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By James Davey
LONDON (Reuters) - Justin King will step down as chief executive of British grocer J Sainsbury <SBRY.L> in July after a decade at the helm, with the firm opting for continuity by choosing commercial director Mike Coupe as his successor.
The company said King, who has almost trebled underlying profit during his tenure, will depart after its annual shareholder meeting on July 9.
Coupe, 53, had been favorite to succeed the highly regarded King to lead a company battling with Wal-Mart Stores' <WMT.N> Asda to be Britain's No. 2 player behind market leader Tesco
Shares in Sainsbury were down 2.7 percent at 346.9 pence at 0950 GMT and briefly touched an 11-month low.
While no surprise, King's departure raises the question of how his successor will defend profits in the face of stagnating household incomes and a two-pronged challenge from discount supermarkets and luxury food retailers.
Coupe, a former director of Big Food Group and Iceland, has been at Sainsbury's since 2004.
There has been speculation that King could depart for over a year, with media reports linking him with a role in Formula One motor racing.
"King's decision isn't a complete bolt from the blue. It has been rumored a bit in the last couple of years," one top 40 shareholder in Sainsbury's told Reuters on condition of anonymity.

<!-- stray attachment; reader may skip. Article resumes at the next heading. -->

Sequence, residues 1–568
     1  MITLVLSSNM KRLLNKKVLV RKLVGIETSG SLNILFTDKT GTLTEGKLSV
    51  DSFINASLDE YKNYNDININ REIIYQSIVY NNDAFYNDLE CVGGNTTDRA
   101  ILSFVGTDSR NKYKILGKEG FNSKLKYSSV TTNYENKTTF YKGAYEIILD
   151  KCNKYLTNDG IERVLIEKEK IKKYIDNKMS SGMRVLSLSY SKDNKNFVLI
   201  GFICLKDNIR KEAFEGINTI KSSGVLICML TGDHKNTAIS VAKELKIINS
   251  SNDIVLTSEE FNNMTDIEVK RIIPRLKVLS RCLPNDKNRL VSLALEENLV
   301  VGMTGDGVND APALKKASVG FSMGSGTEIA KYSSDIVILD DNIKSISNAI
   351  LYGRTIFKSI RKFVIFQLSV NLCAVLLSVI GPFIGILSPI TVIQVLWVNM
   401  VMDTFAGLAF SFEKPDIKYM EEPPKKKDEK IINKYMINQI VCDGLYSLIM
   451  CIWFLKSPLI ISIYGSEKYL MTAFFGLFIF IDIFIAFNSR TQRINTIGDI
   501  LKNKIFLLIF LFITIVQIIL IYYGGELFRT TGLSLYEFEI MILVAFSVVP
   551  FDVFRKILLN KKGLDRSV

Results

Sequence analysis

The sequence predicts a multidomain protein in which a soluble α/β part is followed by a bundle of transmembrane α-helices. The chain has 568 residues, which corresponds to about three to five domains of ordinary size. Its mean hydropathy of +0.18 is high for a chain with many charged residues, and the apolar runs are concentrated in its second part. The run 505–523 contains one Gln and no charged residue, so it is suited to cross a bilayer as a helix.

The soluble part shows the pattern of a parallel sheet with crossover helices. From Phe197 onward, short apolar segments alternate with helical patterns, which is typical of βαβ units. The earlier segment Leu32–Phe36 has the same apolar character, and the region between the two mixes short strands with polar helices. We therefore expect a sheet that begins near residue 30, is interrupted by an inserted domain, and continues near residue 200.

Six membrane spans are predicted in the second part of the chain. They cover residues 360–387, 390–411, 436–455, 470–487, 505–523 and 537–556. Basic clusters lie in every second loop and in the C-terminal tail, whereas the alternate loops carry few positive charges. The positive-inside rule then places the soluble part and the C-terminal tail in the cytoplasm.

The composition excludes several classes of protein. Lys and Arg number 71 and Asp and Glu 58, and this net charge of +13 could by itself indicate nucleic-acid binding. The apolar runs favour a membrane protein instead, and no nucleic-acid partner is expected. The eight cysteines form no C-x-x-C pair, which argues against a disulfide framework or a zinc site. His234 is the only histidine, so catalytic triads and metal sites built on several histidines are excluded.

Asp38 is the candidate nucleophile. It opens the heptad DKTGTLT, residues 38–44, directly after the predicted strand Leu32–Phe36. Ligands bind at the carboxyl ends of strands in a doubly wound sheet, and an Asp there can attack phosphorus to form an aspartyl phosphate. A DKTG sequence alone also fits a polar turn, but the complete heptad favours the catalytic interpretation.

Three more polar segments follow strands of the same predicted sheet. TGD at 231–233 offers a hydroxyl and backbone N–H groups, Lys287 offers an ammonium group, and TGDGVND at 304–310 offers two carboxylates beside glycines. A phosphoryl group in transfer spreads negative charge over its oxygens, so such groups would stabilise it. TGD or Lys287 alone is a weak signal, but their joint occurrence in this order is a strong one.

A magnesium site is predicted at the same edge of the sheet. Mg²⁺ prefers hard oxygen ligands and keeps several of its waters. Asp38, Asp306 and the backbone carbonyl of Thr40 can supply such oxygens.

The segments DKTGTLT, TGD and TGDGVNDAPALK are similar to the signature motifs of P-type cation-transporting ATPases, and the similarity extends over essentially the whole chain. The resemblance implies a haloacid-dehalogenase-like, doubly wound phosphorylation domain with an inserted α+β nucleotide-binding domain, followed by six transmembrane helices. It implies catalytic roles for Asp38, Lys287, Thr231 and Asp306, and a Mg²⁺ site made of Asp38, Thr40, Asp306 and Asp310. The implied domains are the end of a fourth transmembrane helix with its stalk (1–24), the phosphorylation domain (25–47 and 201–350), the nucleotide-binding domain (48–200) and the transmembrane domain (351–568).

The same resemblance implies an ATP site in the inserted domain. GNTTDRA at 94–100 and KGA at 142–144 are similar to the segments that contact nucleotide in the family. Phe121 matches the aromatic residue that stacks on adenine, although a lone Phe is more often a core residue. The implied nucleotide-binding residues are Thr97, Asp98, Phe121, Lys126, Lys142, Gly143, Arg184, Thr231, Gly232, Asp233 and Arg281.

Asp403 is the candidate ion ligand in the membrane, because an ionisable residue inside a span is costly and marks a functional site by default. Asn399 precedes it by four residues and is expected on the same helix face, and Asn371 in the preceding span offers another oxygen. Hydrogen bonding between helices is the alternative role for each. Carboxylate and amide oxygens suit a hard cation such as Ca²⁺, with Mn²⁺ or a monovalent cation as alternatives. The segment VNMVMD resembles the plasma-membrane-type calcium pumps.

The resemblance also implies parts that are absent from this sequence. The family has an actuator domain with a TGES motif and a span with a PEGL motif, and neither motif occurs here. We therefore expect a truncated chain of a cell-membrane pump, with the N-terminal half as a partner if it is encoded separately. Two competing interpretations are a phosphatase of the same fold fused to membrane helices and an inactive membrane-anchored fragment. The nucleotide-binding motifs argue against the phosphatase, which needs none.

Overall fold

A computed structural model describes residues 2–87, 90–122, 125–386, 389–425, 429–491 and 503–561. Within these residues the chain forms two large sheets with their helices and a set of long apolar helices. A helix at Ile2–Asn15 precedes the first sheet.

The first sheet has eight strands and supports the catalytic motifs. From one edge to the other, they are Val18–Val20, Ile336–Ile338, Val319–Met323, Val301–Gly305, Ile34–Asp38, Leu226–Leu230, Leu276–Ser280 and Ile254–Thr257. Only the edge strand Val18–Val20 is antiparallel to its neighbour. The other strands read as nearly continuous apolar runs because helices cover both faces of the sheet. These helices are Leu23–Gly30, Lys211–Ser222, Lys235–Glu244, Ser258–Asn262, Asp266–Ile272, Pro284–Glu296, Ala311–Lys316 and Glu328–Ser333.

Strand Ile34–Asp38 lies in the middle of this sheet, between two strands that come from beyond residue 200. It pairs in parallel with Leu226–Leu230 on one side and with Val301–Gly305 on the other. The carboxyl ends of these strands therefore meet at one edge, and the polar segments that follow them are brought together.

"His successor has big shoes to fill and I suppose the million dollar question is what Justin decides to do next."
The shareholder said King would inevitably be associated with other major retailers undergoing turnarounds such as Marks & Spencer <MKS.L> and Wm Morrison Supermarkets <MRW.L>.
Financial analysts were similarly unsurprised.
"People felt that the tenth anniversary would probably mark the time when Justin moved off despite all the denials," said independent retail analyst Nick Bubb.
"Mike's served under Justin for a long time, hasn't got the charisma of Justin ... but I think they see him as a solid choice in a pretty challenging time for the industry."
Shore Capital analyst Clive Black said Coupe replacing King was "totally predictable".
The big four supermarkets, which include Tesco, Asda and Morrisons as well as Sainsbury's, are being squeezed between hard discounters Aldi <ALDIEI.UL> and Lidl <LIDUK.UL> and upmarket players Waitrose <JLP.UL> and Marks and Spencer.
Sainsbury's has resisted the pressure better than its rivals, eking out its 36th straight quarter of like-for-like sales growth in the third quarter. But analysts reckon all the big four lost market share and saw sales volumes decline in the run-up to Christmas.
Earlier this month, Sainsbury's reported its "best Christmas ever" but warned that consumers were likely to tighten their belts in the early part of 2014 and cut its sales growth forecast accordingly.
"Frankly, supermarket retailing is getting a bit tougher and it's understandable he (King) wants to go out on a high note," added Bubb.
(Reporting by James Davey; additional reporting by Chris Vellacott and Sarah Young; editing by Paul Sandle and Tom Pfeiffer)